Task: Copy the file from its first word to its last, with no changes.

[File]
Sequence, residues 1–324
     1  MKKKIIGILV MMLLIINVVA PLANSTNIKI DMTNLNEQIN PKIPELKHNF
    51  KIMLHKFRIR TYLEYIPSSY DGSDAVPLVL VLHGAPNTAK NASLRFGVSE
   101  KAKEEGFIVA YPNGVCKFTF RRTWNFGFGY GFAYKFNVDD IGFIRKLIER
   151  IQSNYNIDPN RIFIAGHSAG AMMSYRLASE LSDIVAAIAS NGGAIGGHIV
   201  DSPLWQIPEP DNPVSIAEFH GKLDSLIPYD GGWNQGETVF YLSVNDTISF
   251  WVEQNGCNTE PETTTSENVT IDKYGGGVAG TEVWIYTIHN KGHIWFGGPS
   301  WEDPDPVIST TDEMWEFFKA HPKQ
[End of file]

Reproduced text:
Sequence, residues 1–324
     1  MKKKIIGILV MMLLIINVVA PLANSTNIKI DMTNLNEQIN PKIPELKHNF
    51  KIMLHKFRIR TYLEYIPSSY DGSDAVPLVL VLHGAPNTAK NASLRFGVSE
   101  KAKEEGFIVA YPNGVCKFTF RRTWNFGFGY GFAYKFNVDD IGFIRKLIER
   151  IQSNYNIDPN RIFIAGHSAG AMMSYRLASE LSDIVAAIAS NGGAIGGHIV
   201  DSPLWQIPEP DNPVSIAEFH GKLDSLIPYD GGWNQGETVF YLSVNDTISF
   251  WVEQNGCNTE PETTTSENVT IDKYGGGVAG TEVWIYTIHN KGHIWFGGPS
   301  WEDPDPVIST TDEMWEFFKA HPKQ